EWIS reports training will be offered September 15th, 3-4pm.

Registration can be found at the following link: http://www.doe.mass.edu/conference/?ConferenceID=8169

Please direct questions to Nyah Fuentes: 781-338-3593

Tuesday, September 1, 2015

Free Online PD Offered for Level 3 Schools

The Massachusetts Focus Academy (MFA) is offering free, online, graduate credit (3 credits) courses to Level 3 educators this semester.  Applications will be accepted from teams (2-6 educators) from Level 3 districts and schools.

Registration closes: September 23, 2015
Courses begin the week of October 5th

Courses offered this semester include:

  • Creating and Sustaining Positive School-Wide Learning Environments
  • Assessment of Students with Disabilities who are ELLs
  • Collaborative Co-teaching: Meeting the Needs of All Students
  • Differentiated Instruction
  • Partnering with Families of Middle and High School Students with Disabilities
  • Partnering with Families of Preschool and Elementary School Students with Disabilities
  • Universal Design for Learning: Student Affect and Engagement
  • Universal Design for Learning: Addressing Learner Variability
  • Universal Design for Learning: Addressing Learner Variability in Mathematics Instruction

Application information, as well as course descriptions and syllabi, can be found at: http://www.doe.mass.edu/apa/sss/mtss/ta/mfa/default.html

Please email any questions to mtss@doe.mass.edu

MFA is part of a statewide professional development system designed to improve the outcomes for students while increasing the retention and knowledge of highly skilled educators.

Thursday, August 27, 2015

What data should teachers review in the first few weeks of school?

As rosters are finalized, final classroom preparations are made, and schools open, there is a wealth of data available to teachers to support them in meeting the needs of their students on day one. Rather than combing through all of the data readily available, here are some suggestions for where teachers might focus their review in the first few weeks of school:

Who are your new students?  What are their needs?

  • To unpack these questions, teachers should be familiar with the services students are participating in- 504 plan or IEP, ELL support, speech and language services, guidance, etc.  
  • EWIS- EWIS, or early warning indicator system, data provides a "risk factor" indication for each student, based on their attendance, mobility, ELL status, prior MCAS scores, suspensions, and other factors.  Understanding students' risk factors can support teachers in identifying which students may need additional support, and for middle and high school teachers, which students are at-risk for dropping out.
  • ACCESS scores- frequently the ELL instructors are familiar with students' ACCESS scores, but the general classroom teacher is not.  However, understanding which ACCESS levels your students fall under for listening, speaking, writing, etc. can help you determine your homogenous groups and determine what further supports your students need in building their language fluency.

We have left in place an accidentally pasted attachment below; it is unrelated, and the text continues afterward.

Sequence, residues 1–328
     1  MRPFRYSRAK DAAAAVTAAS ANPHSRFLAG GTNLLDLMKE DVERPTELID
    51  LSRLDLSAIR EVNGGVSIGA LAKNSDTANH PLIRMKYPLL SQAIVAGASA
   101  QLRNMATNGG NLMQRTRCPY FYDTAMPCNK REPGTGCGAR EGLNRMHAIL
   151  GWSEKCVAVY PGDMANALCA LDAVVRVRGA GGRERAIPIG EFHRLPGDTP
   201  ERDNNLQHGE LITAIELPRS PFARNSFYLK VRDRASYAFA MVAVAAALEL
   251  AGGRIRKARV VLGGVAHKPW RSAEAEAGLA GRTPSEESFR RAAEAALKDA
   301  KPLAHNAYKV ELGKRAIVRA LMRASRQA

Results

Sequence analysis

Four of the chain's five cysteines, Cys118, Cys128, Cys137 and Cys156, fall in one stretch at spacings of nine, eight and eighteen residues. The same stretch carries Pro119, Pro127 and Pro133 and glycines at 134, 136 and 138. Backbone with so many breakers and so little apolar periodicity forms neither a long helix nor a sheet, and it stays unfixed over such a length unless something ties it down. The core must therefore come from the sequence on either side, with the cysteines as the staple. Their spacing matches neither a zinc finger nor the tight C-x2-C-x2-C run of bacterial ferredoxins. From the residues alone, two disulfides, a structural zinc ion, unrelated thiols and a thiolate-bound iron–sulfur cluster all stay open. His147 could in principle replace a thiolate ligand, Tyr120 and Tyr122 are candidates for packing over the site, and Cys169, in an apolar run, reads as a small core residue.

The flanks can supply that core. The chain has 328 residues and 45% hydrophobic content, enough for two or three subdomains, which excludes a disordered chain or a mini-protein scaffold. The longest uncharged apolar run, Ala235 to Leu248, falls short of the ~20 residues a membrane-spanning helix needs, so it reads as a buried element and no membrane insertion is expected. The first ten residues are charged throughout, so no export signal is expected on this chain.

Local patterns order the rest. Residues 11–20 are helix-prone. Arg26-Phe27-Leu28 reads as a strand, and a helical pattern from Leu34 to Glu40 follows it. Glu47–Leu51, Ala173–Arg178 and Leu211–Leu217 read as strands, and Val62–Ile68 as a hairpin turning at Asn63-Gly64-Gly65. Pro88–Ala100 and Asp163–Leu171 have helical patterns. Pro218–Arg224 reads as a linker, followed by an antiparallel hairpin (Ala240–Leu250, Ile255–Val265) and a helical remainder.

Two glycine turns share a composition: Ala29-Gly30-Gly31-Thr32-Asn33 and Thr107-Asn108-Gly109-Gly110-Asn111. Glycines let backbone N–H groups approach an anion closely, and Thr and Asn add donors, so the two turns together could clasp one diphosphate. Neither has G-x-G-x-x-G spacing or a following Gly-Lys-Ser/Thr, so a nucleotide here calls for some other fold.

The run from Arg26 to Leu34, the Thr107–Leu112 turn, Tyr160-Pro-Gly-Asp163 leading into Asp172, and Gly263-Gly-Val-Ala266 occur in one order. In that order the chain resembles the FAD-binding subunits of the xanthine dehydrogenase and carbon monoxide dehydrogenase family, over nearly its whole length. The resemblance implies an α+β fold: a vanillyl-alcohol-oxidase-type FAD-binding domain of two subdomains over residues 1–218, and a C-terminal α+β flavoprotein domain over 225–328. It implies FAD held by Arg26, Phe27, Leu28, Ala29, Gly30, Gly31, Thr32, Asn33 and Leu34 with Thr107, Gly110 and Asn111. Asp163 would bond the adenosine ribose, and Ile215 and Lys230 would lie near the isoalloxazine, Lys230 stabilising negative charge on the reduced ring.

• End of year benchmarks- while you get to know your students and begin assessing their current reading levels, take a look at DIBELS, interim assessment, DRA or other end of year benchmarks.  Scores from last May-June can support early development of homogenous groups while you continue to assess your students, as well as tell you where the students left off at the end of last year!


Monday, August 17, 2015

MCAS Update- Preliminary Data Has Been Released!

MCAS Update

The second preliminary release of MCAS and Growth data reached Edwin Analytics on Thursday, August 13th. Data releases are announced on the EA Home tab when they occur so please remember to check there for confirmation before running reports. As stated on the Home tab, the data is still embargoed until the September release when state aggregations and CD status will be made available.
Classroom reports with End of Year (EOY) results rely on accurate EPIMS and SCS submissions from the districts. EOY EPIMS and SCS collections are scheduled to close in August and then go through a data quality validation process before they reach Edwin Analytics later in the fall. In the meantime, classroom reports can be run using:
  • SIF 2015 submissions up until the time that SIF is rolled over to the 2016 school year. Please note, however, that if your SIS has already exited your 2015 students, you will have no 2015 EOY classroom data from SIF.
  • October 2014-15 EPIMS and SCS submissions. The October submission is an option on some of the classroom reports including IT516, GR501, PE506, and PE520.

Saturday, August 1, 2015

New to Edwin

If your students took the MCAS last year, you may have already seen your preliminary data available in Edwin.  But there are some new support features of Edwin that are coming soon, later this summer

Coming Soon: Data In Action Videos

The Department of Ellementary and Secondary Education (ESE) has developed short, on-line videos to support educator use of the agency's suite of data reporting tools: Edwin Analytics, School and District Profiles, and DART. These tutorials provide an overview of specific data reports, how they can be effectively used, and where to go for additional information. Look for the 'Learn More' icons embedded in the data reporting tools. They are not yet available but are due out this summer.